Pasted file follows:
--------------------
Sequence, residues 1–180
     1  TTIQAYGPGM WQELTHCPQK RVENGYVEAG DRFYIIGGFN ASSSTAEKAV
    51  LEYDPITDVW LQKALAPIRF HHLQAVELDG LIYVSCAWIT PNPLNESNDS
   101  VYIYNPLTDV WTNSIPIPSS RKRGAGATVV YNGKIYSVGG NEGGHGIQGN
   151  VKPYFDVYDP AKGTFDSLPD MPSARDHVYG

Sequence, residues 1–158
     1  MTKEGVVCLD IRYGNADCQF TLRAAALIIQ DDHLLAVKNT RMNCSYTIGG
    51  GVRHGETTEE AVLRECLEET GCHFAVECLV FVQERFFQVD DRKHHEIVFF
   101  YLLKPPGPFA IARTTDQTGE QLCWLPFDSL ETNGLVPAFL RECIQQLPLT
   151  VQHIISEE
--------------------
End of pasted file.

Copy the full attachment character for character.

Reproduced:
Sequence, residues 1–180
     1  TTIQAYGPGM WQELTHCPQK RVENGYVEAG DRFYIIGGFN ASSSTAEKAV
    51  LEYDPITDVW LQKALAPIRF HHLQAVELDG LIYVSCAWIT PNPLNESNDS
   101  VYIYNPLTDV WTNSIPIPSS RKRGAGATVV YNGKIYSVGG NEGGHGIQGN
   151  VKPYFDVYDP AKGTFDSLPD MPSARDHVYG

Sequence, residues 1–158
     1  MTKEGVVCLD IRYGNADCQF TLRAAALIIQ DDHLLAVKNT RMNCSYTIGG
    51  GVRHGETTEE AVLRECLEET GCHFAVECLV FVQERFFQVD DRKHHEIVFF
   101  YLLKPPGPFA IARTTDQTGE QLCWLPFDSL ETNGLVPAFL RECIQQLPLT
   151  VQHIISEE